[Editor's Note: Last week, I drove down to Richmond Town, Bangalore to interview Sean Blagsvedt, Founder & CEO of Babajob. Babajob's office is in the 3rd floor of an apartment-style commercial building opposite the Hockey Stadium. Over a delicious cup of cappuccino and a cozy rooftop setting, Sean opened up on how he got to Bangalore, why he'll probably never leave Bangalore, Babajob's backstory, their growth drivers, business model, fundraising, and partnerships.]
Backstory & Evolution
Launched in 2007, Babajob is the leading job site for urban India’s informal sector – think professions like cooks, drivers, cashiers, security guards, delivery helpers, etc. In 2004, shortly after Microsoft Research had decided to open an office in Bangalore, Sean managed to persuade the Redmond powers that he should be part of the founding group. Sean’s chance perusal of a Duke University research study on poverty alleviation (reviewed in detail in this post) provided an Aha moment — that the primary path out of poverty was income diversification by securing another job. The study also identified that successful income diversification involved ‘knowing somebody’ with access to information about the jobs. Thus was born the idea for a “Village LinkedIn” which gradually morphed into BabaLife.com – a social networking companion site to Babajob.com.
Babajob initially started off with a focus on household jobs (maids, drivers, cooks, etc.), a strong social networking focus (Babalife), and reliance on the Desktop Web. Fast forward four years and they’ve pivoted on all three dimensions. Firstly, they realized that it’s easier to hire someone into a work environment than a home environment. There also are more businesses hiring informal workers than households. Most of Babajob’s growth has come from businesses (e.g. “Uninor needing to hire drivers in a jiffy“, “retailers needing to suddenly hireÂ cashiers for newly opening chains“).
Secondly, Babajob realized that social networking wasn’t as central to recruitment decisions as previously envisioned – both for employers and job seekers. Employers (especially businesses) were more interested in filling open positions quickly than in performing elaborate reference checks upfront. For job seekers, it was less proximity to potential employers (and the associated time/transport savings) was a more important factor than whether the job lead came from a relative or friend. A reduced emphasis of BabaLife and a focus on job listings partnerships with India’s telco giants are the result of their pivoting on this dimension.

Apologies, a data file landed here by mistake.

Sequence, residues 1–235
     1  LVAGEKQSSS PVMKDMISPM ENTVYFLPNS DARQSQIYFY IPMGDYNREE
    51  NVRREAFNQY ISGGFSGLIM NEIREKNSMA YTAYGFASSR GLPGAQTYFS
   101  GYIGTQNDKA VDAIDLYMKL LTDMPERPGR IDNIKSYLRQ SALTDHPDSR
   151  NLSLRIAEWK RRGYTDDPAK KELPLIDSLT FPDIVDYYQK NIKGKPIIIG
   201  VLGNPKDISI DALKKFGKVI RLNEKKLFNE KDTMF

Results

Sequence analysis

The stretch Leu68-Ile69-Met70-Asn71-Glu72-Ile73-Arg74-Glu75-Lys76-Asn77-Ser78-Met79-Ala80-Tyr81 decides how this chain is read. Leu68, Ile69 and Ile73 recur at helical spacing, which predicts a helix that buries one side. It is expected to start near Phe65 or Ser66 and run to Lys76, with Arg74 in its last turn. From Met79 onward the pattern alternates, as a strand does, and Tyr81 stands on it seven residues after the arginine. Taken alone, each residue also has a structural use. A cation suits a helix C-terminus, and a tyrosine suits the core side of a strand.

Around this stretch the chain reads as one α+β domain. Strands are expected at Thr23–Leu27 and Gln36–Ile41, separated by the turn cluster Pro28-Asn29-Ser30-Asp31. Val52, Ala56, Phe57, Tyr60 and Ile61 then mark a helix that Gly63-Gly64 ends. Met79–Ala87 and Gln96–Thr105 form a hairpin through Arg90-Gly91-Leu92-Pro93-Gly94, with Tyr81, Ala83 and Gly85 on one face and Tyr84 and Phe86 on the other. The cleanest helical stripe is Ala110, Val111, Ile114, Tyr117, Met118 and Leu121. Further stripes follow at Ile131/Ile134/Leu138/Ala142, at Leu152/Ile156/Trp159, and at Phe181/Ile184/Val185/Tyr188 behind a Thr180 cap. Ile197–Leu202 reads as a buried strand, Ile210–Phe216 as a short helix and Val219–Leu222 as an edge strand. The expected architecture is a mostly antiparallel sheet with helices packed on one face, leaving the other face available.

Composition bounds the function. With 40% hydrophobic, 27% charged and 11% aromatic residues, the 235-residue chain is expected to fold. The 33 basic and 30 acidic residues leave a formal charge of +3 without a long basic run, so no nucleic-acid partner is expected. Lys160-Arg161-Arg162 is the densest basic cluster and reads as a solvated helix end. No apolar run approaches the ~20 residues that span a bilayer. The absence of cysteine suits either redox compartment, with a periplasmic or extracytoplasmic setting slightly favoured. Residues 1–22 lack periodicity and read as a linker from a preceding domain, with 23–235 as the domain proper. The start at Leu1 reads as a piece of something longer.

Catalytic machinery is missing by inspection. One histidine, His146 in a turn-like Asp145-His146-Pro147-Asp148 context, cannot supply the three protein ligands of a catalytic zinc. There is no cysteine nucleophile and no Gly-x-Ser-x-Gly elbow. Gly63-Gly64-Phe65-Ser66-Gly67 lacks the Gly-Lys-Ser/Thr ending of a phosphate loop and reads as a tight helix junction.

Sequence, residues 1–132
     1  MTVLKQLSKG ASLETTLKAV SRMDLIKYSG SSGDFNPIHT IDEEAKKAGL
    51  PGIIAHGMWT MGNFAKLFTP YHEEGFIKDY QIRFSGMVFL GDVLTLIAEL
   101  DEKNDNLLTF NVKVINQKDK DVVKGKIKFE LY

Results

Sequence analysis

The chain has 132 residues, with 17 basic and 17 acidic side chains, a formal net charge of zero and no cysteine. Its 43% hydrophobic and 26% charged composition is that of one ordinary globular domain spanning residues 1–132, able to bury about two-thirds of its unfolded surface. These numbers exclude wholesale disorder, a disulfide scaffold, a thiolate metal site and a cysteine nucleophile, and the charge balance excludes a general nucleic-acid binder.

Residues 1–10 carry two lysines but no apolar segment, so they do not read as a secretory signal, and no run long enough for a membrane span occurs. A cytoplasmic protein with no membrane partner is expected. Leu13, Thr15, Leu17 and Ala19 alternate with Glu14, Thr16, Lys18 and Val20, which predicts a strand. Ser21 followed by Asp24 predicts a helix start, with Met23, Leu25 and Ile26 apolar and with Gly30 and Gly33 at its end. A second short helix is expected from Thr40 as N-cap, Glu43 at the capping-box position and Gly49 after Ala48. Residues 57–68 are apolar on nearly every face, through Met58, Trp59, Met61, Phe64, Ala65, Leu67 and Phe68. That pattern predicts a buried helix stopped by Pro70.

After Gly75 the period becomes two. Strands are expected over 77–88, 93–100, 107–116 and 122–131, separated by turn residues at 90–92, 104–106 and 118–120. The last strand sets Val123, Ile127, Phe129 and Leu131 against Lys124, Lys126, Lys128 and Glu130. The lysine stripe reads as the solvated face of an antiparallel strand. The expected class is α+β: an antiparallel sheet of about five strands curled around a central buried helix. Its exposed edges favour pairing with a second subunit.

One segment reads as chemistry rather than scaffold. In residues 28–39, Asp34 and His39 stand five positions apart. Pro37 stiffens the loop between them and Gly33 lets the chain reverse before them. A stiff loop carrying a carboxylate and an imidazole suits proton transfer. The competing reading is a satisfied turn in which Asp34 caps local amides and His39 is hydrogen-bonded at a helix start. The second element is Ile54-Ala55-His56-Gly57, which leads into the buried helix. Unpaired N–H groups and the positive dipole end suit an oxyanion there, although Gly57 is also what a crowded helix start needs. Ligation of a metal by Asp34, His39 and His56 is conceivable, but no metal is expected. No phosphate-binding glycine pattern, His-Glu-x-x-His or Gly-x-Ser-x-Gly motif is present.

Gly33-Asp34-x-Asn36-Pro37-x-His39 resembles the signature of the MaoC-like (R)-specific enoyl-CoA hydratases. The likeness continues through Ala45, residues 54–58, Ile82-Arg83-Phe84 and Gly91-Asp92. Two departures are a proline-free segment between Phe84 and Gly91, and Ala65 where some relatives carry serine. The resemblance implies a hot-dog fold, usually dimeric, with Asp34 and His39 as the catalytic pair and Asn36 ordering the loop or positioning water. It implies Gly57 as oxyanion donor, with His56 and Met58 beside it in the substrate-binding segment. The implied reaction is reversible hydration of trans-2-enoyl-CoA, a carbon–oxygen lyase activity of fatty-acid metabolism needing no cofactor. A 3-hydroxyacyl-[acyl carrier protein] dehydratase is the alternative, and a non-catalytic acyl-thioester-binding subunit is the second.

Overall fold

The third significant change for Babajob was to place a greater focus on mobile as the delivery and engagement platform. The original set-up relied heavily on the Desktop Internet. Knowing that most job seekers wouldn’t have direct Internet access, they started a “mentor” program in which middlemen would be paid for connecting job seekers with employers. With the increased focus on telco partnerships and direct SMS job alerts that job seekers can now receive (and respond) on their phones, the “mentor” program appears to have outlived its usefulness.
Babajob’s business model is firing on both cylinders (employers and job seekers). The Freemium model for employers offers free job posts and a whole slew of premium services for more serious employers. The Database Phone Access plan (Rs. 999) gets 6 weeks of access to job seeker contact information and references (limited to 20 job seekers). For high volume hiring, there’s the Unlimited Phone Access Plan (Rs. 4,999/month). The No Risk Assisted Search plan (Rs. 2,999), currently available only in Bangalore, is a CPA model where the employer pays Babajob for successful candidates after a 3-day trial period. As added protection to the employers, Babajob provides a replacement if the new recruit leaves within a 2 month period.
Babajob now powers the SMS Jobs category products (for informal workers) for Airtel, Idea, Vodafone, Reliance, and Tata. The value proposition for job seekers who subscribe to the Jobs alerts package (@ one rupee a day) is simple – receive jobs within close proximity to where you live. According to multiple surveys, 25% of the monthly earnings of a daily wage earner/informal sector worker goes towards transport. It follows that a job seeker will switch jobs if offered higher wages or a reduced commute cost.